This week a sad goodbye was said to a wonderful friend of 28 years; Arco our Timneh African Grey parrot died suddenly. The lessons this bird taught me were significant.
28 years ago I adopted a little grey bird that was afraid of everything. Her previous home was a tiny cage for a bird her size in a house that didn’t seem to care much about her, her previous home to that was Africa. Our little bird was a wild bird someone trapped and sent to the U.S. to be sold as a pet.
With love and patience, this scared little bird became a dominant force in this household. She was a ferocious guard dog, she was a non-stop comedian. She never trusted other people (just us), and she never trusted a hand getting close to her. We happily accepted her quirks and she accepted ours.
Tuesday, rather suddenly, Arco became a pile of feathers in the bottom of her cage. Even though we knew it was a risk (from the stress), we gathered our little girl up and took her to the vet. She made it there, but she was crashing. She got out one growl and that was about it. After her passing, our vet asked if he could perform a quick autopsy. He is a true scientist and is always wanting to learn. An autopsy helps him (veterinarians) with future diagnosis. We agreed and waited for her. From that autopsy we learned our girl had a disease that was unheard of in her circumstances. She had a disease that is only transmitted bird to bird – yet she has only been exposed to one other bird, our other bird – for the past 18 years. A disease that would have killed any other bird quickly, our vet believes she lived with for at least 18 years – perhaps her whole life.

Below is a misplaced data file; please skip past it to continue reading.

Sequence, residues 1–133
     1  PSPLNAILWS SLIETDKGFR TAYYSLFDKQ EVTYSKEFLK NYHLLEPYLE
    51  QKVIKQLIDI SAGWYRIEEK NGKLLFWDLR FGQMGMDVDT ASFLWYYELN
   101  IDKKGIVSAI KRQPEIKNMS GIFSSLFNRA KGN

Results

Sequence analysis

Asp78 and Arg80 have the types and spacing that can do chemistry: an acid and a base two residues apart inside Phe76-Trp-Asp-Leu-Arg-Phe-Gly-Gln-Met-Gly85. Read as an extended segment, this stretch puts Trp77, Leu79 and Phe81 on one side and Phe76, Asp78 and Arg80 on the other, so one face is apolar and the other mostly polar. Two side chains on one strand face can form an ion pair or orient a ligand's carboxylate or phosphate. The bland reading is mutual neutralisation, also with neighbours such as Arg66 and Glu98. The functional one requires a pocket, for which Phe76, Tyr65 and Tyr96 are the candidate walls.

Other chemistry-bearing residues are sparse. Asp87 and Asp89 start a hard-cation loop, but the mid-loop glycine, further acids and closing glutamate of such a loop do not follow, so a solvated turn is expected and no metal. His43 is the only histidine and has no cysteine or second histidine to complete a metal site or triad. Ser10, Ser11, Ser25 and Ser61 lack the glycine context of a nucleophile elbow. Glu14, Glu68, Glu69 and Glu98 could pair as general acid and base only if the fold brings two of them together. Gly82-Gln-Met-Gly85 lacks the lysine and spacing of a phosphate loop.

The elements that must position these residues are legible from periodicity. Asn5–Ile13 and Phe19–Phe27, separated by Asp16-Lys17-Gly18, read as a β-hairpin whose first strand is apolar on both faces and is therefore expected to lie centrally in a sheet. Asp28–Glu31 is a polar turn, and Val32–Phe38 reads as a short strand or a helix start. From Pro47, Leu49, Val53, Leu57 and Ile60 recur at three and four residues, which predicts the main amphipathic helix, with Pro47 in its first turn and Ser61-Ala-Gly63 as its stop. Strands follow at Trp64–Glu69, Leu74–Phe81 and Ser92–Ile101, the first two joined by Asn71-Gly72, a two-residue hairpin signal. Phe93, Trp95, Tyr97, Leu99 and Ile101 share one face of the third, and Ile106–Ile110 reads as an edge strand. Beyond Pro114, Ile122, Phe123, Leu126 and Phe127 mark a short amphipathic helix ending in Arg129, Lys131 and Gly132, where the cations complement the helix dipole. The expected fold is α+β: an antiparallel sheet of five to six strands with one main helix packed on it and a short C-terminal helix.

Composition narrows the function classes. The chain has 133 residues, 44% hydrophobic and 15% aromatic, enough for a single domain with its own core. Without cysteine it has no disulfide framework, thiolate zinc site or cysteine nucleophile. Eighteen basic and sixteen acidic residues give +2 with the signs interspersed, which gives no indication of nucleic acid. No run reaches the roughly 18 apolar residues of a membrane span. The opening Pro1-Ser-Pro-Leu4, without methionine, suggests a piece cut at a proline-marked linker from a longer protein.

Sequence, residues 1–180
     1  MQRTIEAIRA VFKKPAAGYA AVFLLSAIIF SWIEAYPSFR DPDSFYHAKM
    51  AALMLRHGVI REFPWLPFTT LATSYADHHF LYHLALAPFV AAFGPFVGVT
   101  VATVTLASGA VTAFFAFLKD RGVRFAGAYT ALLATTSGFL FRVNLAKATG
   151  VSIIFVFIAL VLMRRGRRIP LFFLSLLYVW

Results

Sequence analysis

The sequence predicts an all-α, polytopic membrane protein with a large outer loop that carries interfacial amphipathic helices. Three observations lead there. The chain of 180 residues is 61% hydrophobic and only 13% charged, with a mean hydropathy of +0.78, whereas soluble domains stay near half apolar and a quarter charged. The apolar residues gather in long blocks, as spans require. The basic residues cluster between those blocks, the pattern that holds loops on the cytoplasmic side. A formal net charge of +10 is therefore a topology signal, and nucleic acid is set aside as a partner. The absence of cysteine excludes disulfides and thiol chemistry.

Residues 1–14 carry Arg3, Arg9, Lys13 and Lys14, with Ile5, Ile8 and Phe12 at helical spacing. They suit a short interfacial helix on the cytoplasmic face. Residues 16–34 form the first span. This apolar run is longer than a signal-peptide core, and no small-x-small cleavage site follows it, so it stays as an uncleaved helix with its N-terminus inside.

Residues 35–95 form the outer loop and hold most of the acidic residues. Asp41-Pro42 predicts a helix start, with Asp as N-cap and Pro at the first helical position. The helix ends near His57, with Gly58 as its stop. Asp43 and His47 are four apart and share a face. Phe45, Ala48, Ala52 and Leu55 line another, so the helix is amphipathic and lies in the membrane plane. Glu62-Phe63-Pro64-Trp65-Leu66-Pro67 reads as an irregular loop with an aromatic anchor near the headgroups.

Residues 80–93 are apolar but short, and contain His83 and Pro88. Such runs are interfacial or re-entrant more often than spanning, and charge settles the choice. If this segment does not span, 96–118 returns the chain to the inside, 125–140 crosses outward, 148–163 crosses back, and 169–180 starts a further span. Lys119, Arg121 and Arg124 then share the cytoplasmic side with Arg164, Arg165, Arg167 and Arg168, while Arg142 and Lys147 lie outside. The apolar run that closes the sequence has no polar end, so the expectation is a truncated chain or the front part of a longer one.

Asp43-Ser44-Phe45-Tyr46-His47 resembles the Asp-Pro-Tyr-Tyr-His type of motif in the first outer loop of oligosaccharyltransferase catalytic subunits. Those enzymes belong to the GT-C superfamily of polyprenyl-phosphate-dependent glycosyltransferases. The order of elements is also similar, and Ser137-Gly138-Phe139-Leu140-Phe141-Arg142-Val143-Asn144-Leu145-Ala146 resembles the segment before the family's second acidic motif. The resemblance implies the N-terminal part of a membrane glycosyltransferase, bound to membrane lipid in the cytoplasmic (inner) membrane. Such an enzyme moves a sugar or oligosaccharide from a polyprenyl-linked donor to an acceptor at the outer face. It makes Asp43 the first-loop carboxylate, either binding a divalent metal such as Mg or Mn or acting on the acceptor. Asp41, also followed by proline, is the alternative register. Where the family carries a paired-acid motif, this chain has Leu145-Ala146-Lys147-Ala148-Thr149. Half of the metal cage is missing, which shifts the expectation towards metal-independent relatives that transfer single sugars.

And then came the tough question – our vet asked for her body to send to a research scientist studying this very disease.
That was a hard decision. Part of me wanted to say no and take my little girl home and bury her. But the other part of me wanted to help other birds. We agreed but agreed on our terms. Her tissues will go for research, her body came home with us.
I cannot explain how grateful I am to have a veterinarian (Dr. Joel Murphy) that pushed to autopsy. To know why, to know what Arco was dealing with and what took her from us – gave us comfort.
My heart is still aching, but I will never forget the life lessons this little bird taught me. Never give up, make compromises only with people that earn your trust, and fearlessly fight for what you believe in.
I so hope her death can save others. She was one determined little bird – I think she just might.
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